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Sunday, March 4, 2012


In the 19th century, there was a hydraulic model of how to be a good person. There are all these torrents of passion flowing through you. Your job, as captain of your soul, is to erect dams to keep these passions in check. Your job is to just say no to sloth, lust, greed, drug use and the other sins.

Sermons could really help. They could help you identify sin. Preachers could exhort you to exercise the willpower you need to ward off temptation.

These days that model is out of fashion. You usually can’t change your behavior by simply resolving to do something. If that were true, New Year’s resolutions would actually work. Knowing what to do is not the same as being able to do it. If that were true, people would find it easier to lose weight.

Your willpower is not like a dam that can block the torrent of self-indulgence. It’s more like a muscle, which tires easily. Moreover, you’re a social being. If everybody around you is overeating, you’ll probably do so, too.

The 19th-century character model was based on an expansive understanding of free will. Today, we know that free will is bounded. People can change their lives, but ordering change is not simple because many things, even within ourselves, are beyond our direct control.

Much of our behavior, for example, is guided by unconscious habits. There’s been a lot of research over the past several years about how our habits shape us, and this work is beautifully described in the new book “The Power of Habit,” by Charles Duhigg, a reporter at The Times.

Researchers at Duke University calculated that more than 40 percent of the actions we take are governed by habit, not actual decisions. These can range from what products you buy in the grocery store to when you want sex. Habits are ingrained so deep in the brain that a patient with brain damage sitting in his living room can’t tell you where the kitchen is, but if he is hungry, he can get a jar of peanut butter out of the pantry.

Researchers have come to understand the structure of habits — cue, routine, reward. Duhigg’s book is about people who have learned to instill habits in other people or replace bad habits with good habits.

For example, in the early 1900s, only 7 percent of Americans owned toothpaste. But Claude Hopkins, who was trying to sell Pepsodent, learned that a harmless film naturally coats teeth. In ads, he told people they needed to get rid of the film if they want to have a lovely smile. The film served as a cue for tooth-brushing. A decade after Hopkins’s ads, 65 percent of Americans owned toothpaste, which was good for oral hygiene, but not for removing film (toothpaste doesn’t actually remove it).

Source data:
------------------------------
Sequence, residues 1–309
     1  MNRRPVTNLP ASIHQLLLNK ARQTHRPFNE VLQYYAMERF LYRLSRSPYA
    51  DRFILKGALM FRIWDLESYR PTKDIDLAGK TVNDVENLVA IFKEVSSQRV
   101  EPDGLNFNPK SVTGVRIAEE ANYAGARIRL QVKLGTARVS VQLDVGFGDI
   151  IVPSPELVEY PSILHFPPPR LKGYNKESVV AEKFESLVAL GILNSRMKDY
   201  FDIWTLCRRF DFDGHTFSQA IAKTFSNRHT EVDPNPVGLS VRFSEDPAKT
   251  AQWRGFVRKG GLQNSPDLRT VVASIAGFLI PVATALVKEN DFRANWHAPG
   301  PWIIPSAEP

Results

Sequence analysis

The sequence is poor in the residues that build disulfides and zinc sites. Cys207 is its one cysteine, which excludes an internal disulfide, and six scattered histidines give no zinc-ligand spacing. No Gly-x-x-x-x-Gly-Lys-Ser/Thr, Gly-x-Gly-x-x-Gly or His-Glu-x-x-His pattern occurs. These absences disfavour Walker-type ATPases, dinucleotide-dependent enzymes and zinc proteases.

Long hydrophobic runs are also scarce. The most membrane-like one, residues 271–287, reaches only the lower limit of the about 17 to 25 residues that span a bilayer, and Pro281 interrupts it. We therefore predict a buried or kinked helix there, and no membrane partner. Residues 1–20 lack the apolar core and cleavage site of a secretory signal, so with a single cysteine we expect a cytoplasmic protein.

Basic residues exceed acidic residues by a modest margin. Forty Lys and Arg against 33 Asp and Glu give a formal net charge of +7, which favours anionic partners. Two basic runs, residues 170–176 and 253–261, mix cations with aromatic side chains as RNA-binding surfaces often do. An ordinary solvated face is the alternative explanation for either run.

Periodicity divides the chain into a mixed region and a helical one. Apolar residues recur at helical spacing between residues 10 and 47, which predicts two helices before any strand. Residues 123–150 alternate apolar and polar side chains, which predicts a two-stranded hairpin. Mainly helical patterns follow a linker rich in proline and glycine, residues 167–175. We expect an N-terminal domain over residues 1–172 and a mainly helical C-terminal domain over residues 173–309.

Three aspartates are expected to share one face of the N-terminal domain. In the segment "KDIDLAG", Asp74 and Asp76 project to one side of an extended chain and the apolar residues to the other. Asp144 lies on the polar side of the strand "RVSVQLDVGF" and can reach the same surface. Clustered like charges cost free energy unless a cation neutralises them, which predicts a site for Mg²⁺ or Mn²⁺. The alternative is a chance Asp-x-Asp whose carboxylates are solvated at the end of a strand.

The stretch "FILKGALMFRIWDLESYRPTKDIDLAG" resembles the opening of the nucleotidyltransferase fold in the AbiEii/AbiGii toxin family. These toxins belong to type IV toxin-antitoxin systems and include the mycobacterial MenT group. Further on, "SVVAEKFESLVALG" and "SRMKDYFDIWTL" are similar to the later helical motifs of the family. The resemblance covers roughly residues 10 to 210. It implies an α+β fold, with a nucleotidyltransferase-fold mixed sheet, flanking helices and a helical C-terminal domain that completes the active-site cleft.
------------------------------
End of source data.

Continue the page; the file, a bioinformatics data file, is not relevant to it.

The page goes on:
You can change the habits of your employees. The football coach Tony Dungy instituted a series of practice drills so that, during a play, each player would look for a specific cue and then react automatically by rote. This way he didn’t have to pause and think. Starbucks instills a series of routines that baristas can use in moments of stress, say if a customer starts screaming at them.

You can change your own personal habits. If you leave running shorts on the floor at night, that’ll be a cue to go run in the morning. Don’t try to ignore your afternoon snack craving. Every time you feel the cue for a snack, insert another routine. Take a walk.

This research implies a different character model. If the 19th-century model implied a moralistic captain steering the ship of the soul, the new character model implies a crafty Machiavellian, deftly manipulating the neural networks inside.

To be an effective person, you are supposed to coolly appraise your own unconscious habits, and the habits of those under your care. You are supposed to devise oblique strategies to alter the triggers and routines. Every relationship becomes slightly manipulative, including your relationship with yourself. You’re marketing to yourself, trying to arouse certain responses by implanting certain cues.

This is sort of disturbing. I’d just emphasize something that peeps in and out of Duhigg’s book but that is often lost in the larger advice culture. The important habitual neural networks are not formed by mere routine, nor can they be reversed by clever triggers. They are burned in by emotion and fortified by strong yearnings, like the yearnings for admiration and righteousness.

If you think you can change your life in a prudential way, the way an advertiser can get you to buy an air freshener, you’re probably wrong.

As the Victorians understood (and the folks at Alcoholics Anonymous understand), if you want to change your life, don’t just look for a clever trigger. Commit to some larger global belief.


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